Police academies still thriving despite recession

By Joel Currier
St. Louis Post-Dispatch

ST. LOUIS — Chuck DeProw had job offers from the Police Department and the U.S. Steel plant in Granite City.

He chose the higher-paying factory job because he needed the money.

That was 20 years ago, but when the steel plant laid him off last December, DeProw decided it wasn't too late to pursue his dream of becoming a police officer.

"If I had known then what I know now, I would have gone the other way," said DeProw, of Brighton, Ill. "When I got laid off, it was like, this is my opportunity."

At 45, DeProw was the oldest in a class that graduated Oct. 22 from the Eastern Missouri Police Academy in St. Charles County.

He is not alone in turning toward the traditionally stable career of police work in tough economic times. But as cities grapple with tight budgets, demand has slowed - sometimes dramatically - leaving some police academy graduates without jobs.

Though the economy is showing signs of rebounding, unemployment in St. Louis topped 10 percent in September. So the job outlook for those eligible to become police officers may be just as tough as in other industries, said Anne Winkler, professor of economics and public policy at the University of Missouri-St. Louis.

"You're going to have a lot of people competing for a limited number of spots," Winkler said.

Last year, Missouri licensed 1,355 academy graduates to become police officers, a 46 percent increase from 2004. Through last week, the state already has issued 1,311 licenses this year.

Three police academies in the St. Louis area are reporting sharp increases in unsponsored applicants - those starting classes without the guarantee of a job after graduation.

In Illinois, the recession has hurt police academies. Because police departments there generally hire recruits before enrolling them at academies, many classes are running less than half-full because cash-strapped cities can't afford to hire new officers.

"The enrollment is down significantly across the state," said Van Muschler, director of the Southwestern Illinois Police Academy in Belleville. "Until the economy turns around, you probably won't see an increase in hiring or in police academy enrollments."

In 2006, Illinois certified 1,660 people to work as police officers. Through October of this year, just 477 police academy graduates have been certified.

Mark Wilkans, acting executive director of the Illinois Police Chiefs Association, said most towns are not increasing the size of their departments unless it's absolutely necessary.

"They're trying to hang on to whatever they have and cutting everywhere else to avoid layoffs," Wilkans said.

Patrick Judge, executive director of the International Association of Directors of Law Enforcement Standards and Training, said the number of police jobs available varies by state, partially depending on how hard the recession has hit. He believes the number of people seeking jobs in law enforcement and enrolling in training has remained about the same nationally.

Directors at the three St. Louis area academies that accept self-sponsored students say the uncertain economy could help explain the increase in applicants this year.

"Our enrollment is absolutely going through the ceiling," said Ron Neubauer, director of the Eastern Missouri academy in St. Charles County, where the flood of applicants has forced the academy to double class sizes this year.

Already at least 85 people have applied for testing to qualify for the academy's first class of next year, Neubauer said.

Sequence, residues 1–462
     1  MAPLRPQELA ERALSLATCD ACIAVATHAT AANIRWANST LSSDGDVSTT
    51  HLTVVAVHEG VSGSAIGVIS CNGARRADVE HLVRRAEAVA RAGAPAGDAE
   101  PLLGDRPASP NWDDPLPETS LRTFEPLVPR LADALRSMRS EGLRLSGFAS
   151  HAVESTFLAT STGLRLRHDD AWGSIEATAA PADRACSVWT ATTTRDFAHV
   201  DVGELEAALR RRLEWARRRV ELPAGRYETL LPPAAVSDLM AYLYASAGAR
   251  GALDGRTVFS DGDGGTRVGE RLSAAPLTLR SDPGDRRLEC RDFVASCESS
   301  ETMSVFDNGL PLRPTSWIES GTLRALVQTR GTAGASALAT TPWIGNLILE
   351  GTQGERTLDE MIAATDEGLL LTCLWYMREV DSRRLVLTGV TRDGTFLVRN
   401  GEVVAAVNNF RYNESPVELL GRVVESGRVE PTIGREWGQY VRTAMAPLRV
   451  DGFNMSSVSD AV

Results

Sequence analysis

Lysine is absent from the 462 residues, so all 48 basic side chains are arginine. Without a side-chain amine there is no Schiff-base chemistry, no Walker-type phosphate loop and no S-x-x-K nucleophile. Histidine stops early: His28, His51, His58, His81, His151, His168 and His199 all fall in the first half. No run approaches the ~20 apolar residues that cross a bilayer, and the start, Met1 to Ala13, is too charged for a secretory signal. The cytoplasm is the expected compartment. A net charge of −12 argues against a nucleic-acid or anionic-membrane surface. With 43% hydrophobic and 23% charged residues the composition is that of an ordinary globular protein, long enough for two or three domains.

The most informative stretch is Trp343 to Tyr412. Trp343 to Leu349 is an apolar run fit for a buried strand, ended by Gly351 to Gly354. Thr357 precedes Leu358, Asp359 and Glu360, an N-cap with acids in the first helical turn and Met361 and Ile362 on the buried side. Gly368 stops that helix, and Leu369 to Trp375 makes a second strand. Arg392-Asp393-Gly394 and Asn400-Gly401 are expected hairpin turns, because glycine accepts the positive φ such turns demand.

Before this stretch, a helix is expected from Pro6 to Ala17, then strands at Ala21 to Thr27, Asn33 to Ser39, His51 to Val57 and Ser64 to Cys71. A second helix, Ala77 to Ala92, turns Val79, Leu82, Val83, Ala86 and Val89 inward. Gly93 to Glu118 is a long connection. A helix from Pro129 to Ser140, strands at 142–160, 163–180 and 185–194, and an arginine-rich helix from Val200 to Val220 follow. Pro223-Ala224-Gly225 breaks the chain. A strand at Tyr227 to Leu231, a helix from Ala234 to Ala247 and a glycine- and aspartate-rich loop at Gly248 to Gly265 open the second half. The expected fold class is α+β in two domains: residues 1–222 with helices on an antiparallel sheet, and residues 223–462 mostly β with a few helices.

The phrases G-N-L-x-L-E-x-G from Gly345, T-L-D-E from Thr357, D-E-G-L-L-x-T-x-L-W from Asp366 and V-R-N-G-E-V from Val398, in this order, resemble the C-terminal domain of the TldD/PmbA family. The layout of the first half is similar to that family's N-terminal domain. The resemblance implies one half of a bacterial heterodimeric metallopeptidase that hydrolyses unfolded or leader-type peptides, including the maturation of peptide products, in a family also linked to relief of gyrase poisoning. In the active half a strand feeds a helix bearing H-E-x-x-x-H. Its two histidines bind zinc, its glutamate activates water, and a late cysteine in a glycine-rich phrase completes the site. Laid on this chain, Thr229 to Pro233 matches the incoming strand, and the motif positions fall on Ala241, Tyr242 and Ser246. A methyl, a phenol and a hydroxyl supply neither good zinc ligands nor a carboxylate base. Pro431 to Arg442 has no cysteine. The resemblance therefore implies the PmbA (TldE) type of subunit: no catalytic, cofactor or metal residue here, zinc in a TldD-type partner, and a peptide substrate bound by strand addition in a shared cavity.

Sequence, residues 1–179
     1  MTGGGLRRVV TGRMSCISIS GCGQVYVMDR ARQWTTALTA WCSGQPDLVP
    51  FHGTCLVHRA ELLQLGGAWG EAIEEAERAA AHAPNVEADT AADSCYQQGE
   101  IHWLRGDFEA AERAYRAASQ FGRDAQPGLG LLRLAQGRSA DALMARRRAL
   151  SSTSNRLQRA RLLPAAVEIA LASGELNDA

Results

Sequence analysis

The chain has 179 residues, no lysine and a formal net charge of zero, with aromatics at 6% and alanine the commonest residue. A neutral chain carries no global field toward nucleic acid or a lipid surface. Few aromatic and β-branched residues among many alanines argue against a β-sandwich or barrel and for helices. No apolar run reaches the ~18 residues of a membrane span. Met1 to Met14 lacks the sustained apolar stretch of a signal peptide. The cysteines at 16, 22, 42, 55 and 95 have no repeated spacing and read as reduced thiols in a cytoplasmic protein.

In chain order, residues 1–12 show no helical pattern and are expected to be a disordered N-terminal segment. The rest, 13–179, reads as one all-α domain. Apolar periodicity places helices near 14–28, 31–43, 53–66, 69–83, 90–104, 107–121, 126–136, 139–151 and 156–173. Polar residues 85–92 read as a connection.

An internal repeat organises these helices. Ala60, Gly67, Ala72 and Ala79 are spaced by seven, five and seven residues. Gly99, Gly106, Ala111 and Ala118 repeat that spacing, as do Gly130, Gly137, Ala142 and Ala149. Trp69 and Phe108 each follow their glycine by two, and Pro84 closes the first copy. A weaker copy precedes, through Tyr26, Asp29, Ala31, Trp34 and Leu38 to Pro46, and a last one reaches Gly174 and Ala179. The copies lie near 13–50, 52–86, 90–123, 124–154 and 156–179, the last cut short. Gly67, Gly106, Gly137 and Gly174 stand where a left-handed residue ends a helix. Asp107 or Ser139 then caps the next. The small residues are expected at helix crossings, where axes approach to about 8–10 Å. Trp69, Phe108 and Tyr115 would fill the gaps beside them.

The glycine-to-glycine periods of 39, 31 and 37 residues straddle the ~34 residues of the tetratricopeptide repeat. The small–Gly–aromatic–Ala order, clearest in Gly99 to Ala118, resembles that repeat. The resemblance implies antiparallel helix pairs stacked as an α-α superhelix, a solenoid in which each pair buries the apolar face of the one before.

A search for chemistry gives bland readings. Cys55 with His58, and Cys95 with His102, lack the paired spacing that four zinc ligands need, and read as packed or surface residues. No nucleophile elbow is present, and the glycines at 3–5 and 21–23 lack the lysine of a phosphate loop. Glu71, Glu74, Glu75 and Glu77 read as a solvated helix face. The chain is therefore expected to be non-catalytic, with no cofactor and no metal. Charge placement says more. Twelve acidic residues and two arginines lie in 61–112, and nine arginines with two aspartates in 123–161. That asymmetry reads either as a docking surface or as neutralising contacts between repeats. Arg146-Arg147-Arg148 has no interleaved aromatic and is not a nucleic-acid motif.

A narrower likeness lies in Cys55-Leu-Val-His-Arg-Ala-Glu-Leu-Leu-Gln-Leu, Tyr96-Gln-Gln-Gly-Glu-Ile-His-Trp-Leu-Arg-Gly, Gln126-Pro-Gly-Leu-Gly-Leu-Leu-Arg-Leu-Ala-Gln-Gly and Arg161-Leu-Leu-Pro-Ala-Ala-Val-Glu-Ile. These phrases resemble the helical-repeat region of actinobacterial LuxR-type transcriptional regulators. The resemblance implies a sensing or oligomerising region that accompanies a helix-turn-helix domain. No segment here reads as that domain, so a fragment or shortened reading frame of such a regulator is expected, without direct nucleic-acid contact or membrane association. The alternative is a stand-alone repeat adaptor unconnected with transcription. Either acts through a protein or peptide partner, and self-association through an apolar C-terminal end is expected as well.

"We expect 2010 to be sort of a banner year for us," he said.

In the city, the St. Louis Police Academy has received about an average number of applicants this year despite suspending classes until last week. It only holds classes when it can hire officers. Its first class of the year began Oct. 26, after the department received an $8.67 million federal stimulus grant to hire 50 new officers.

Lt. Kevin Lawson, director of the St. Louis County Police Academy, said typical classes there have an even balance of sponsored and unsponsored trainees. But that has changed: 24 of 26 people in a class that began in mid-October are "open enrollment" students who started without sponsorships and job offers.

Arnold police Capt. Diane Scanga said instructors at the Jefferson College Law Enforcement Academy in Hillsboro are seeing an older crop of students, many from the private sector or the military.

"We're seeing a more second-career kind of person rather than the young person who's ready to save the world," Scanga said.

Ronald Burgess Jr., 36, of House Springs, qualified for federal stimulus money toward his tuition at Jefferson College after losing his assembly line job at the Chrysler plant in Fenton. Being laid off, he said, may have been a blessing after all.

"Being 36 years old and going back to school is scary, to say the least," Burgess said. "Law enforcement is something I've always wanted to do."

Jason Jamison, 31, a former Marine from south St. Louis County, is hoping police jobs are somewhat insulated from the economy as he awaits callbacks about job interviews from several departments. Jamison, who was laid off earlier this year from a marketing job, graduated a little more than a week ago from the academy in St. Charles County.

"It would have been great to have graduated in a uniform, but I'm confident there's a job out there for me," Jamison said.

DeProw, the ex-steelworker from Brighton, wants to move to Cape Girardeau, Mo., where he is interviewing to be a patrolman. He hopes his criminal justice degree and volunteer experience with a police department will make him a top candidate.

"I just can't wait to do my job," he said.

Copyright 2009 St. Louis Post-Dispatch, Inc.

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